What Caught Our Attention: Here’s a cut-and-paste issue that gave us pause. The authors of an 18-year-old paper in PNAS corrected it after realizing some bands in a figure were duplicated (an issue raised on PubPeer one year ago). It turns out, the first author had cut the paper into pieces and reassembled them to present the blots in the “desired order,” and some had become duplicated by mistake. The overall results were unaffected, so the journal swapped the image with a corrected version. Continue reading Caught Our Notice: “The first author cut the thermoprinter paper printout into pieces and reassembled them”
The investigation—conducted jointly by the University of California, San Francisco, and the San Francisco Veterans Administration Medical Center—uncovered image manipulation in Figure 2D, which “could only have occurred intentionally.” The institutions, however, could not definitively attribute the research misconduct to any individual.
According to the notice, the UCSF-VA committee determined that a correction to the 2008 PNAS paper—which explores the genetic underpinnings of prostate cancer—was “appropriate,” and the authors have now replaced the problematic figure with a corrected version. The 2008 paper has been cited 630 times, according to Clarivate Analytics’ Web of Science.
A spokesperson for PNAS told Retraction Watch: Continue reading UCSF-VA investigation finds misconduct in highly cited PNAS paper
A third paper co-authored by researchers based at a prominent lab whose work has been under investigation on and off for almost three years has been retracted.
According to the notice, the university’s investigation found that a 2008 paper in FEBS Letters contained “clear signs of manipulation” in three figures.
Research from geneticist David Latchman’s group has been dogged by misconduct allegations since late 2013 and subject to two investigations by the University College London (UCL). Continue reading “Clear signs of manipulation” in paper co-authored by prominent geneticist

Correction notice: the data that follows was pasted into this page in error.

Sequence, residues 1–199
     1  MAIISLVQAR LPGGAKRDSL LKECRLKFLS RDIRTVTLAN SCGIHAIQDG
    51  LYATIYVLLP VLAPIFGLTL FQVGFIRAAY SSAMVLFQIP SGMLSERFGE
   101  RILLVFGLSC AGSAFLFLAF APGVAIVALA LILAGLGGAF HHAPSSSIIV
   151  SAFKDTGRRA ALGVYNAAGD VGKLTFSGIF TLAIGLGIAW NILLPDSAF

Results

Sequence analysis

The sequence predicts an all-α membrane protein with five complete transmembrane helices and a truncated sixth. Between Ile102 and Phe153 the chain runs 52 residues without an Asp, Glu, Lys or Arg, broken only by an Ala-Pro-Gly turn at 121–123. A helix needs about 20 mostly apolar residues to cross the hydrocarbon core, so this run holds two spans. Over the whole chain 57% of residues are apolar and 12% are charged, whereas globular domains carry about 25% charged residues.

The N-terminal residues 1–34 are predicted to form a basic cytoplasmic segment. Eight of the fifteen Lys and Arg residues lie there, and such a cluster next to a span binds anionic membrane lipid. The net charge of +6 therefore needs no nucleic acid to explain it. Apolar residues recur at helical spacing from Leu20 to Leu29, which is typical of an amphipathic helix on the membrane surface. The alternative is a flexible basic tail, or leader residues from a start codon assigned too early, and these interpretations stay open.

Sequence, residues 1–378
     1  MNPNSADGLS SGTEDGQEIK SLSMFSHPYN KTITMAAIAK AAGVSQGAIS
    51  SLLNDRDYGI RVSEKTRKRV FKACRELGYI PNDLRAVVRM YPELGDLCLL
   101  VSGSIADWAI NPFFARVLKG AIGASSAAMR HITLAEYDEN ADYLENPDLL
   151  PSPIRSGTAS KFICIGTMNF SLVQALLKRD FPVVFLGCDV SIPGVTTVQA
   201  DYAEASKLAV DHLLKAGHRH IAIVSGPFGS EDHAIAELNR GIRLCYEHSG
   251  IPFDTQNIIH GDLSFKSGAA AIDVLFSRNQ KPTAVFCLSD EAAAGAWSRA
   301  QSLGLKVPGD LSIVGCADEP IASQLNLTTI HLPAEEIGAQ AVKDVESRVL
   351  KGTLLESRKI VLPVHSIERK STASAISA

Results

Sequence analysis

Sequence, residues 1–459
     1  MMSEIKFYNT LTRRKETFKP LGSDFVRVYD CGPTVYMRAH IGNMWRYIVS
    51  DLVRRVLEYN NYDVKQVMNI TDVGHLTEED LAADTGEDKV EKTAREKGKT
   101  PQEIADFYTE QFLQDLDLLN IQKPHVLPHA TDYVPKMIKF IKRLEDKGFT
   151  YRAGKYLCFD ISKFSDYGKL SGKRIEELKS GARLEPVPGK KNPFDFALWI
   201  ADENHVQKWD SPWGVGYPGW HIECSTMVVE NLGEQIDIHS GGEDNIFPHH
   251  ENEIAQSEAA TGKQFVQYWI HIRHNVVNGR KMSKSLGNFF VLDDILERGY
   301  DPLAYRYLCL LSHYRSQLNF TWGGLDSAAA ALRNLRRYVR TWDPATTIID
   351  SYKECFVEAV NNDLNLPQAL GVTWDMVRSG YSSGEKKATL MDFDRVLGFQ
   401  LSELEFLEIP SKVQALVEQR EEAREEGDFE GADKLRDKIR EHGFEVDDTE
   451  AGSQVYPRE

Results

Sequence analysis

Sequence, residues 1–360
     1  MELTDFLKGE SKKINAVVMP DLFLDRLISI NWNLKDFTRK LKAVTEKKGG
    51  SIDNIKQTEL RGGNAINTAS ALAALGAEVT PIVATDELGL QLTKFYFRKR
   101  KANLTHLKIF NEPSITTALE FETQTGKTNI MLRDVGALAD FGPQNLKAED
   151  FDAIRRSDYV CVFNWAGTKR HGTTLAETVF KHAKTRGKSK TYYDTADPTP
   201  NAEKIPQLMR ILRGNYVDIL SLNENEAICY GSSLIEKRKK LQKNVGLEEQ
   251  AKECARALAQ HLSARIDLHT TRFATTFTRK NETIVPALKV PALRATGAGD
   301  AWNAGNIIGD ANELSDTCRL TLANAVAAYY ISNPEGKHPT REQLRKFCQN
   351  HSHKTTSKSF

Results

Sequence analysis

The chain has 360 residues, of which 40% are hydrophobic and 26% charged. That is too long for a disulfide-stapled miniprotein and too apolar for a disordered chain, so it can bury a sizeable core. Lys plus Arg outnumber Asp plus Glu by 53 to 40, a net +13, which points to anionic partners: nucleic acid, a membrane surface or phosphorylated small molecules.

A former researcher at New York University falsified and/or fabricated data in multiple papers and grant applications, according to the U.S. Office of Research Integrity.
According to the ORI:
After being “blindsided” a few months ago when she was told one of her 2005 papers was going to be retracted, a researcher scrambled to get information about why. And when she didn’t like the answers, she took to PubPeer.
Eight days ago, Shalon (Babbitt) Ledbetter, the first author of the 2005 paper published in Cell, posted a comment on the site announcing the paper was going to be retracted after the last author’s institution, Saint Louis University (SLU), determined that some figures had been manipulated by the last author, Dorota Skowrya. A letter dated September 2, 2015 sent by SLU to Cell describes the results of the investigation — namely, that the manipulations were “cosmetic,” and had no effect on the data or the conclusions. More than two years later, Ledbetter learned the journal was planning to retract the paper, and an initial draft of the notice wouldn’t identify who was responsible; she has since been pulled into a confusing web of blame-shifting and conflicting information that has been, in her words, “heartbreaking.”
Ledbetter wrote on PubPeer: